One of the largest severe weather outbreaks to hit the Mid Atlantic in some time was the derecho event that rocked the Mid Atlantic on June 29th into the 30th, an overnight severe event that brought five fatalities to New Jersey during the middle of the night. The setup was a prime one for severe in the Midwest, with a ridge of heat building across the South and Mid Atlantic that pushed high heat into Philadelphia that afternoon as the city reached 98 degrees for a high. Washington hit 104 that afternoon, an "appetizer" to some major league heat that rocked us during the first three weeks of July.
A warm front in the Midwest trailed back to a low center in Iowa that helped spawn thunderstorms early in the morning in the Midwest and also over us, with some severe weather in parts of the Delaware Valley in the pre-dawn hours. The Midwest storms progressed steadily eastward, intensifying as they fed off of a very warm airmass, over the course of the day and earned derecho status as they sustained severe criteria over a long distance and a lengthy amount of time.
The conventional wisdom was that severe weather in the Midwest would fizzle or pass to our south by the time it got this far East. However, the system was able to strengthen and maintain itself across the Great Lakes and Midwest thanks to that high level of heat from that afternoon. Those storms sustained themselves even after sunset, speeding east and southeast across the Appalachians, but also growing on the northern edge of the line as it approached our region.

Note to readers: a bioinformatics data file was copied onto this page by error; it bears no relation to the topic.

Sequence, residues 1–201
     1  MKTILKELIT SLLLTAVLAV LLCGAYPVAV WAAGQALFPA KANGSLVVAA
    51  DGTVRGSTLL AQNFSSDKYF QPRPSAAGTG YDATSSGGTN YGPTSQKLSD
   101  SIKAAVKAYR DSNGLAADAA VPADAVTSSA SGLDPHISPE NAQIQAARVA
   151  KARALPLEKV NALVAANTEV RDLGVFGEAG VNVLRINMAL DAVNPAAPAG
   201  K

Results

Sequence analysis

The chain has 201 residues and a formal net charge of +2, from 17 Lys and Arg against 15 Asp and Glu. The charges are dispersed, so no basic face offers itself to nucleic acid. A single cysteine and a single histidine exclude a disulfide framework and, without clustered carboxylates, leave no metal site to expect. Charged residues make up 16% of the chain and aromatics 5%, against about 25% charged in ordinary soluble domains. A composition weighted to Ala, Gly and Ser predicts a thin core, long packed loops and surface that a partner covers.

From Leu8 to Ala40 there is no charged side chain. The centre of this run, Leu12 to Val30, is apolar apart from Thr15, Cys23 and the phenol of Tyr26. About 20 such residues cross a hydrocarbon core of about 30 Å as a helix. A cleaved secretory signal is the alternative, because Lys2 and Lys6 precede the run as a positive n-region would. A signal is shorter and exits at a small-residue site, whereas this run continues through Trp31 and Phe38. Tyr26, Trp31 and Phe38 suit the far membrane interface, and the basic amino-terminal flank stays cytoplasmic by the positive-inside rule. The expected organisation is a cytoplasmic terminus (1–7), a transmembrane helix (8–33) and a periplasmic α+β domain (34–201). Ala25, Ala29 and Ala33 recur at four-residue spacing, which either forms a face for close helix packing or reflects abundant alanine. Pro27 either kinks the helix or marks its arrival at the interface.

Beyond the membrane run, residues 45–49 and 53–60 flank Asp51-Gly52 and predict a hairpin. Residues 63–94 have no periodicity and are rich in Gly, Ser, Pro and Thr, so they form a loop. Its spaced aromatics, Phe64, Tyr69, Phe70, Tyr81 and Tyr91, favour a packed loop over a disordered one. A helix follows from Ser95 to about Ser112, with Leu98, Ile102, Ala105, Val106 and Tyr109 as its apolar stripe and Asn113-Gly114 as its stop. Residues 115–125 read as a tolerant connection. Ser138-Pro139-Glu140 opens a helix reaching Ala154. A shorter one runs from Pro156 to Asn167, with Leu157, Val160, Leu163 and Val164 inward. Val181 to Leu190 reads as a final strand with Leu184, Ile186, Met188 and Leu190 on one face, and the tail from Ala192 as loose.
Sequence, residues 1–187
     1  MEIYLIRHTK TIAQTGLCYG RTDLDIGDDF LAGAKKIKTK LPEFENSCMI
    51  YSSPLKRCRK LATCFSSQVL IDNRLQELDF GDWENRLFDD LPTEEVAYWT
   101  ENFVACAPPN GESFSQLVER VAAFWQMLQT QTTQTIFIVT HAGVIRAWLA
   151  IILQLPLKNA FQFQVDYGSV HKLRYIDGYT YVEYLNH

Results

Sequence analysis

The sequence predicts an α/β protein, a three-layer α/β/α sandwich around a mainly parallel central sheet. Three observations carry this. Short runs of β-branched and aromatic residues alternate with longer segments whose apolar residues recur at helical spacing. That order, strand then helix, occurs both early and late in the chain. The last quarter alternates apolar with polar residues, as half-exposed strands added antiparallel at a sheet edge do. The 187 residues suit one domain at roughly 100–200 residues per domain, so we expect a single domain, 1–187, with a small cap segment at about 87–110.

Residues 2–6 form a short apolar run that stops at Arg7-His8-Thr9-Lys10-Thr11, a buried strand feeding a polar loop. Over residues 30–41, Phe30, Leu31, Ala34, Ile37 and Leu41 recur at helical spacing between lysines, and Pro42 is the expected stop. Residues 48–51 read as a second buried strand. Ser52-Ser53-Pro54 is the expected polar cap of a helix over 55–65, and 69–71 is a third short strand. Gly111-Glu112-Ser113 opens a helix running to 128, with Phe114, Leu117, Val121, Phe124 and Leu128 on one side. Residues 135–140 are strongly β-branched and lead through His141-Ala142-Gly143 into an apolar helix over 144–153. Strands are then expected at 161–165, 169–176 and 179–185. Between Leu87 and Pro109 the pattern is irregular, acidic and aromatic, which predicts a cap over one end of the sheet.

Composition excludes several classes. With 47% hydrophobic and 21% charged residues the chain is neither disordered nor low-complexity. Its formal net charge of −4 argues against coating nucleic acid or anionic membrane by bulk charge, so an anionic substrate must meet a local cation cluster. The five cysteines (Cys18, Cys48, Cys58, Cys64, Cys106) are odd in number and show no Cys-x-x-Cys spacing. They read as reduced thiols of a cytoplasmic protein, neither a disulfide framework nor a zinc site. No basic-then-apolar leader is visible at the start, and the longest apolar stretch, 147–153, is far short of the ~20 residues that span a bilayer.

The storm line raced from near Pittsburgh at 7 PM to the coast in six hours time, knocking out power to over 200,000 at the storm's peak in South Jersey but also producing winds to over 80 miles per hour in Tuckerton, NJ and over 85 mph in Atlantic City.
Power outages in New Jersey lasted upwards of ten days and damage estimates ran in the hundreds of millions across the Garden State. In Delaware, the highest wind gust was nearly 70 mph in Lewes and power was knocked out to tens of thousands at the height of the storm.
In most years, the derecho would definitely make a huge argument for biggest weather story for the region overall. This year arguably wasn't one of those.